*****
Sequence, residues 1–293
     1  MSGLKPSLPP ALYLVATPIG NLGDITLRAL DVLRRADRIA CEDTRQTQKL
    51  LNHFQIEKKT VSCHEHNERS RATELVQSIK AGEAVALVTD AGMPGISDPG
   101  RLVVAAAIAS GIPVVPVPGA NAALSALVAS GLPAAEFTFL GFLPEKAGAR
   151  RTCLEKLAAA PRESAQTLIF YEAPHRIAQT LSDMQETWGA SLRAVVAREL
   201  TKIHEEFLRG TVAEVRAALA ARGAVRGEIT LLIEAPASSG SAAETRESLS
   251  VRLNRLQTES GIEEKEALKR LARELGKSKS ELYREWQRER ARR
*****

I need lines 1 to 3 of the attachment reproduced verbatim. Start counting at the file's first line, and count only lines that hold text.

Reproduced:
Sequence, residues 1–293
     1  MSGLKPSLPP ALYLVATPIG NLGDITLRAL DVLRRADRIA CEDTRQTQKL
    51  LNHFQIEKKT VSCHEHNERS RATELVQSIK AGEAVALVTD AGMPGISDPG